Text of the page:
But when I open the little book to the aforementioned chapter start page, I feel its binding glue snap like a KitKat bar. And I suddenly realize that this pristine paperback has made a remarkable journey from Mercier Press (Dublin or Cork) in 1965 to someone's private shelf wherever to here now where it has sat, whole and cared-for, since possibly 1973 even. Only to finally have its spine carelessly broken in 2009 because I'm too compressed for time to sit down and quietly read it, make notes and return it to the shelves.
Not for Wendy.
"You'll need to really press down on it if you want a good copy," she advises.
And she's right. On my first page, the type runs down the center of the copied page into illegibility, like water running off a table. I give that spread a second go, applying a little more pressure.
"You'll have to press down harder still," she says, critically surveying my efforts. But that poor book! I can't do this. I push back.
"No, no. It's good. I can read it. Look: 'So, messengers were sent to Ferdia to bring him to Maeve's tent, for she said that she would see him herself to persuade him. But Ferdia denied, declined and refused these messengers, and refused to go with them, for he knew very well what Maeve wanted of him.'" I rattle off the wavering, distorted text from the page. "See? I got it. I'm money."
She backs off at that, but by copy page eight we've got another problem.
"Say, Wendy? Did you say you were about to replace the toner here?"
She comes over. The most recent page is a shadow of the first few.
"Can you still read it?" she asks anxiously.
I admit I can, but then the next page is even fainter still. It's dropping out on the right side of the screen first. Fortunately, Neeson's little volume is orientated toward the left side of the plate so most of the image I'm copying appears over on the side that still comes through. Wendy and I are side by side now watching each impression as it comes out. And somehow on the last page, the toner rallies and I'm done with Neeson. Whew!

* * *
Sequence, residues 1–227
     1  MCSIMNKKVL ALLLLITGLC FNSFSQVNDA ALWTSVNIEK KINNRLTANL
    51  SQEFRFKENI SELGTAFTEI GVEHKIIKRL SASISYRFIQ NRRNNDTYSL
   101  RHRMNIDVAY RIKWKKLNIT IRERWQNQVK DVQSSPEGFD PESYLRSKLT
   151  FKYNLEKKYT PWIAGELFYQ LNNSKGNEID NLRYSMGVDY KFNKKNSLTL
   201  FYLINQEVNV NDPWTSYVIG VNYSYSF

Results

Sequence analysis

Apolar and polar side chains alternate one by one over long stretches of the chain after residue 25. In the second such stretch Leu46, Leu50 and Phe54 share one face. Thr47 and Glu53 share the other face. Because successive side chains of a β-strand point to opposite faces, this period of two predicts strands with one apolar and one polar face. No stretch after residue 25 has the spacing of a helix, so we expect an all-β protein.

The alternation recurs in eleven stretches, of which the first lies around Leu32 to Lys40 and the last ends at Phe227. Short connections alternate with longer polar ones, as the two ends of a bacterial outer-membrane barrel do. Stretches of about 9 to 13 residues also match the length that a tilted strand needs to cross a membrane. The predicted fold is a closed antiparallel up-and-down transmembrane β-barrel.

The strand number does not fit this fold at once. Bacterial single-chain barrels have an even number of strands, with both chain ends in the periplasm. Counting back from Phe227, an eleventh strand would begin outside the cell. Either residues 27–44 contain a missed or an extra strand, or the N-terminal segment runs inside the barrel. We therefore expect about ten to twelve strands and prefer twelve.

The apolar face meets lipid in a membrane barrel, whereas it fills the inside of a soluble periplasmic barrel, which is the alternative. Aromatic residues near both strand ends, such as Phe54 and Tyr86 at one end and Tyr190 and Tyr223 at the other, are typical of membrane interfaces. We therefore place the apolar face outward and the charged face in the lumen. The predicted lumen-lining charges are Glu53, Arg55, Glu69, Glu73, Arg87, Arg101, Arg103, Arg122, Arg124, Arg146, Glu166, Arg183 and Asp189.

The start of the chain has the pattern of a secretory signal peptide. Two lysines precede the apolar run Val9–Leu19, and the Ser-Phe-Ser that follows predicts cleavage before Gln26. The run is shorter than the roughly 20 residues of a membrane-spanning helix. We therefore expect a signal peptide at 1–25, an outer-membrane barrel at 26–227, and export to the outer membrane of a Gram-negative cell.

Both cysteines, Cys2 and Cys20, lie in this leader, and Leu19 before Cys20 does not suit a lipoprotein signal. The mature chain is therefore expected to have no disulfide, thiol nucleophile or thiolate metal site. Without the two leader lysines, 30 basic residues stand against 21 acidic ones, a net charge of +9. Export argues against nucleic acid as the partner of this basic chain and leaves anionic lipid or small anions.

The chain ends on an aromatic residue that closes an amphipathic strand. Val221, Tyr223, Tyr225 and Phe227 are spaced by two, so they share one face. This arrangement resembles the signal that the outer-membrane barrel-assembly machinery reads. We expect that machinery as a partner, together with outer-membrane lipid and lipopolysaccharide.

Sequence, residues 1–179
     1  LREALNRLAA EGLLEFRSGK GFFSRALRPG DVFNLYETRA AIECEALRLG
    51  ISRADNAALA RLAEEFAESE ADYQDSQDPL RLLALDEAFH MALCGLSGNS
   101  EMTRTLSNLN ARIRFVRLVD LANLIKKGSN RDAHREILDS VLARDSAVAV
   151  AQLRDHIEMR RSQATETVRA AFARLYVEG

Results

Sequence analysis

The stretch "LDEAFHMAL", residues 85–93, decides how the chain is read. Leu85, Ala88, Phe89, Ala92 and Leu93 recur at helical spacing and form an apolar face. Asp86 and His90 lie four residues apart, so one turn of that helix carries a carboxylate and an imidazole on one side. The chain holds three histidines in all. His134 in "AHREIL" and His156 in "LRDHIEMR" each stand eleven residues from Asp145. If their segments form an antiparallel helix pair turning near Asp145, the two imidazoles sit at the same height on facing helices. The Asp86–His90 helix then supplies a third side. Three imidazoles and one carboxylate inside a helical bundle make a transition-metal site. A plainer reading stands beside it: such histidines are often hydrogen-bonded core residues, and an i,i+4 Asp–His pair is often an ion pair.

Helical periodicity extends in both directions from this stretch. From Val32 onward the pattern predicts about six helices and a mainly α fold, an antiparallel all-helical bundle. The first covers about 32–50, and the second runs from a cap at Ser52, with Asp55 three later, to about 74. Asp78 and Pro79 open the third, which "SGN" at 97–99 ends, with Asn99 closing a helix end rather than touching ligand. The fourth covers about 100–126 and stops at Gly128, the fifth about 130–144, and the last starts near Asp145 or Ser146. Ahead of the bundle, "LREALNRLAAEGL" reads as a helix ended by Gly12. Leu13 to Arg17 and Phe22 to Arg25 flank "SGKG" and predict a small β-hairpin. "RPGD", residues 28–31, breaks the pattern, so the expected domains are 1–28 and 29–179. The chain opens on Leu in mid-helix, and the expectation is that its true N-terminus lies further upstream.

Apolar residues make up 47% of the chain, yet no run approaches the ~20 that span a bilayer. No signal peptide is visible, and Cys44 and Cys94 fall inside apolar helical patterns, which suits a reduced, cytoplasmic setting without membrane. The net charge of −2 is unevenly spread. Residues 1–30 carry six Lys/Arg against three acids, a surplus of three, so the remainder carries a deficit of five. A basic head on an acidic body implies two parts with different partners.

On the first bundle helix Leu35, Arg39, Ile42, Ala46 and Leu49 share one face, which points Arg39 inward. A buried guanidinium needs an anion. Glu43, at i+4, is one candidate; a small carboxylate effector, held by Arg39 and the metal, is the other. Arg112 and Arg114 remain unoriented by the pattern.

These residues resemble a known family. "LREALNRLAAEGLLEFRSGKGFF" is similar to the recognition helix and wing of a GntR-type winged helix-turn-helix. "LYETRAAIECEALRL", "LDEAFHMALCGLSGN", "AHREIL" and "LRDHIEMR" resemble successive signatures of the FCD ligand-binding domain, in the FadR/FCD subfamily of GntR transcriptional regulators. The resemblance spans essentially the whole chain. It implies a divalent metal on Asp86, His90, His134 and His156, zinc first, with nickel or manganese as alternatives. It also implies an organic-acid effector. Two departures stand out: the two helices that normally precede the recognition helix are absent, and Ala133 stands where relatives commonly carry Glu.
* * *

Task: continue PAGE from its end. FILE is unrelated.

Pushing my luck (and taking advantage to check in with the iPhone who has now joined our regularly televised program already in progress) I come back to the copier with the Rees volume on Celtic Heritage. In my opinion, it's only four pages on the Tain that I need here. The copier, rested, gives me a great page one. But then a waffle weave pattern of legibility shows up by page two. I catch Wendy's eye.
"Yeah, I think we need to do that toner thing now." I say.
She comes over and looks at the page. She looks up at me, almost pleading.
"Can you read that one? Can you try one more?"
I admit I can and I do. The third page is even fainter still. I look over expectantly at Wendy. Where's the new toner cartridge, I want to ask. Just give it to me and I'll swap it out. Easy-peasy. Do it all the time at the office. But she stares me down.
"We really run everything we've got to the last possible moment of use around here," she finally admits.
I run the numbers through my mind, silently. The UICC was built in 1973 by a prosperous generation abandoning San Francisco's central urban core to BART and the Vietnamese. That particular crowd would now be conserving whatever's left of its energy for its own private needs. And we can guess that their children are paying off mortgages and car payments and building their own children's college funds somewhere down the Peninsula. And then generation after that is going to Daly City High School and downloading Flogging Molly songs off iTunes.